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The Farmer's Daughter is a 1947 American comedy film that tells the story of a farmgirl who ends up working as a maid for a Congressman and his politically powerful mother. It stars Loretta Young, Joseph Cotten, Ethel Barrymore, and Charles Bickford, and was adapted by Allen Rivkin and Laura Kerr from the Finnish play Juurakon Hulda by Hella Wuolijoki, using the pen name Juhani Tervapää (misspelled in the film's credits as Juhni Tervataa). It was directed by H.C. Potter.

The Farmer's Daughter
The Farmer's Daughter (1947 film).jpg
theatrical release poster
Directed byH. C. Potter
Produced byDore Schary
Written byAllen Rivkin
Laura Kerr
Based onJuurakon Hulda (play)
by Hella Wuolijoki
StarringLoretta Young
Joseph Cotten
Ethel Barrymore
Charles Bickford
Music byLeigh Harline
CinematographyMilton R. Krasner
Edited byHarry Marker
Distributed byRKO Radio Pictures Inc.
Release date
  • May 25, 1947 (1947-05-25) (Premiere-New York City)[1]
  • May 26, 1947 (1947-05-26) (U.S.)[1]
Running time
97 minutes
LanguageEnglish
Box office$3.3 million (US rentals)[2]

The film won the Academy Award for Best Actress for Loretta Young and was nominated for Best Actor in a Supporting Role for Charles Bickford. Young's win was considered an upset; everyone had expected Rosalind Russell to win for her Lavinia in Mourning Becomes Electra.

In 1963, a television series based on the film was produced, starring Inger Stevens, Cathleen Nesbitt and William Windom.

Contents

PlotEdit

Katie Holstrom (Loretta Young), a Swedish-American, leaves the family farm to go to nursing school in Capitol City. Barn painter Adolph Petree (Rhys Williams), who had completed a job for Katie's father, offers her a ride, but robs her of her money. Katie, refusing to ask her family for help, goes to work as a maid in the home of political power broker Agatha Morley (Ethel Barrymore) and her son, U.S. Representative Glenn Morley (Joseph Cotten). Soon, she impresses Agatha and her loyal majordomo Joseph Clancey (Charles Bickford) with her refreshing, down-to-earth common sense and Glenn with her other charms.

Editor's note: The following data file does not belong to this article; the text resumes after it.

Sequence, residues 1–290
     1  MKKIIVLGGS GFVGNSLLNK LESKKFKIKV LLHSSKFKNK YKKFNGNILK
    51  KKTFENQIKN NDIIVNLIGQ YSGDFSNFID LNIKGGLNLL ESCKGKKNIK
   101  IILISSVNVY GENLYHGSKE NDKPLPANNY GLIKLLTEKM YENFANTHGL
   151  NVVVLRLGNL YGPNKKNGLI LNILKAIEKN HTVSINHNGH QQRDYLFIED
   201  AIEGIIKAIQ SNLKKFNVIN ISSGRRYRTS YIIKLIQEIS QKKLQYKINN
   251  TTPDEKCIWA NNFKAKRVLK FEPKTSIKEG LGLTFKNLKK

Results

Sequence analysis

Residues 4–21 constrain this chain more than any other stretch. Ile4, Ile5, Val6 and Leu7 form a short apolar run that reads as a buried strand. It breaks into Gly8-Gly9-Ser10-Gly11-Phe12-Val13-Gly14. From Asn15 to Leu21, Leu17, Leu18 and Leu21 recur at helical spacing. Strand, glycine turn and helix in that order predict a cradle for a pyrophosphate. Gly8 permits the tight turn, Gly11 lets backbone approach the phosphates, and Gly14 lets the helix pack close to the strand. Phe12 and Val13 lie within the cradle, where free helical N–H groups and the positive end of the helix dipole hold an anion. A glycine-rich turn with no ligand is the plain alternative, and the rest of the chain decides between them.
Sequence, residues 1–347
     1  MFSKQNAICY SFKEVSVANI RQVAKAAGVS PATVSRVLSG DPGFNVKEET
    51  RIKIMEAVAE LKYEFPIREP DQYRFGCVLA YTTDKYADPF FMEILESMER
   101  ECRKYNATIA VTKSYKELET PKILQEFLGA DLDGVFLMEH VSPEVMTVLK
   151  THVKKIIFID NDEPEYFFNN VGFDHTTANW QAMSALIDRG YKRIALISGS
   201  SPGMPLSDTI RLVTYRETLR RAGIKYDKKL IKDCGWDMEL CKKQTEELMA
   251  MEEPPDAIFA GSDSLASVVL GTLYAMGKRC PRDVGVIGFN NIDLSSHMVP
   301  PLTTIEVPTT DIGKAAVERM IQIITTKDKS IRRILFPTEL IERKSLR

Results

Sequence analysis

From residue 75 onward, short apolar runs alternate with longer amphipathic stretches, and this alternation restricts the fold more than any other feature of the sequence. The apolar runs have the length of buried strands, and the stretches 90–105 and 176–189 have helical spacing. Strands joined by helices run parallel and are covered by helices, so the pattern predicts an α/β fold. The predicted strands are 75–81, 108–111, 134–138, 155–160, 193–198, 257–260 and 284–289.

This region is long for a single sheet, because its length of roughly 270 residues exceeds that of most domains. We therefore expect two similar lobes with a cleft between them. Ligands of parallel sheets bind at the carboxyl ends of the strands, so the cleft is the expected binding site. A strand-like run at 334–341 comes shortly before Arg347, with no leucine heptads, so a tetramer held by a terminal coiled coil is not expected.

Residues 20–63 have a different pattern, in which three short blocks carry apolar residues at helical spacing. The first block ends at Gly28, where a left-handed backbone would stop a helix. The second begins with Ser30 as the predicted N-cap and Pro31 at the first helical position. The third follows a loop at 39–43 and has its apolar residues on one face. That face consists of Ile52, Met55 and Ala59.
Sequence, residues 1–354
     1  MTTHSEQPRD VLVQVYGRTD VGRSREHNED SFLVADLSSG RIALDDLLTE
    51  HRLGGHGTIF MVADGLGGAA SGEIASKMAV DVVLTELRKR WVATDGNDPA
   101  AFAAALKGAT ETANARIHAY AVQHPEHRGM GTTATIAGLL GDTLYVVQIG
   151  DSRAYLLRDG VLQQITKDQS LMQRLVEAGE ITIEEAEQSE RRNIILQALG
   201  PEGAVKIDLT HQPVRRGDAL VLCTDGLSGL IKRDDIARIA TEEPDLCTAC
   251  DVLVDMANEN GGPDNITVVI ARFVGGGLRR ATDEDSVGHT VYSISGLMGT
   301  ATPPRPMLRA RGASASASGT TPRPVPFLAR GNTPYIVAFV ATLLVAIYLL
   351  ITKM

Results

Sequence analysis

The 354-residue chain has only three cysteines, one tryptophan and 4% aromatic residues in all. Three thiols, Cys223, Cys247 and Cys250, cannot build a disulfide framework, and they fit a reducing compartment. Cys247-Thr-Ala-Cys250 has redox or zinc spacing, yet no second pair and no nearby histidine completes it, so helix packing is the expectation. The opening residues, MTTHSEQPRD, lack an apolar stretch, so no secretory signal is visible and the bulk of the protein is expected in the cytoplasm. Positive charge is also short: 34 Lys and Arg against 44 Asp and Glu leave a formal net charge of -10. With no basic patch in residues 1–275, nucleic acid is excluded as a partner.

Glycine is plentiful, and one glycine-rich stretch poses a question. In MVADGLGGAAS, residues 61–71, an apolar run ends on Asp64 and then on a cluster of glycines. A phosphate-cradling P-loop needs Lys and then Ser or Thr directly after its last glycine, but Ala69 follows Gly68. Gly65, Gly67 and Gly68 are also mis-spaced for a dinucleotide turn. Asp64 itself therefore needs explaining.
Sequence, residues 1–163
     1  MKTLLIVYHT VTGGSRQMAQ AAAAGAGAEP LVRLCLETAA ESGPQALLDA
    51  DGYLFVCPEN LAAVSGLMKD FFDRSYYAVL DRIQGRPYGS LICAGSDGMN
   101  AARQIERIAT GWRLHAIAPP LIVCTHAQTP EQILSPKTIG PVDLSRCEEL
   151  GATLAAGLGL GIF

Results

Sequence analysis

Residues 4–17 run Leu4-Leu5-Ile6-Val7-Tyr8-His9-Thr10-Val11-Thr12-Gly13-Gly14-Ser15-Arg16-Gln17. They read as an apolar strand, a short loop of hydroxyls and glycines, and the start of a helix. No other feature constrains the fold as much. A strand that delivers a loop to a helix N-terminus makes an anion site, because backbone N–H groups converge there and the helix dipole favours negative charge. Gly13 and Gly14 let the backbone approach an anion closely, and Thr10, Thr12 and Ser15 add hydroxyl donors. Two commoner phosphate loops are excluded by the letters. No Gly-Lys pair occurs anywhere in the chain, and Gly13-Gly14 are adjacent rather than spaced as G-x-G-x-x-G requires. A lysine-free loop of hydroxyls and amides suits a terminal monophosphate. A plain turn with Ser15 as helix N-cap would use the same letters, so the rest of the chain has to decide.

Unexpected problems arise when the Morleys and the other leaders of their political party select a replacement for a deceased congressman; they pick the unscrupulous Anders J. Finley (Art Baker). Knowing of the man, Katie strongly disapproves of their choice. She attends a public meeting arranged to introduce Finley and begins asking pointed, embarrassing questions. The leaders of the opposition party are impressed and offer her their backing in the coming election. When she accepts, Katie reluctantly has to quit her job, much to Glenn's annoyance.

When Katie's campaign picks up support (with the help of some coaching from Glenn), Finley resorts to smearing her reputation. He pays Petree to claim Katie spent the night with him when he gave her a ride. As a result, Katie becomes so distraught, she runs home. Glenn learns of the chicanery, follows her and proposes to her.

After hearing the news of her son's engagement, Agatha, with her butler's help, gets Finley drunk and tricks him not only into revealing that he is secretly a member of an extreme nativist political group [3]and that he bribed Petree, but also that he has him safely hidden away at his isolated lodge. With the help of Katie's three big, strong brothers (James Arness, Lex Barker, Keith Andes), Glenn takes Petree away from the goons Finley assigned to watch him, and makes him confess over the radio. Agatha withdraws her party's support from Finley and endorses Katie, ensuring her election. In the final scene, Glenn carries Katie across the threshold of the United States House of Representatives.

CastEdit

Gus Stavros appears as a background extra in the film.[4]

ReceptionEdit

Critical responseEdit

On review aggregator website Rotten Tomatoes, the film holds an approval rating of 100% based on 7 reviews with an average rating of 7.08/10.[5]

ProductionEdit

Because of rumours that Joseph Cotten and Ingrid Bergman were having an affair, Miss Bergman was replaced by Loretta Young.[6]

ReferencesEdit

  1. ^ a b "The Farmer's Daughter: Detail View". American Film Institute. Retrieved April 30, 2014.
  2. ^ "Top Grossers of 1947", Variety, 7 January 1948 p 63
  3. ^ (Per the actual movie)
  4. ^ Robert Trigaux (September 15, 2012). "In stepping back, legendary philanthropist Gus Stavros leaves a void". Tampa Bay Times. Retrieved July 10, 2017.
  5. ^ "The Farmer's Daughter (1947)". Rotten Tomatoes. Fandango Media. Retrieved April 23, 2019.
  6. ^ Cotton, Joseph Vanity Will Get You Somewhere 2000 iUniverse

External linksEdit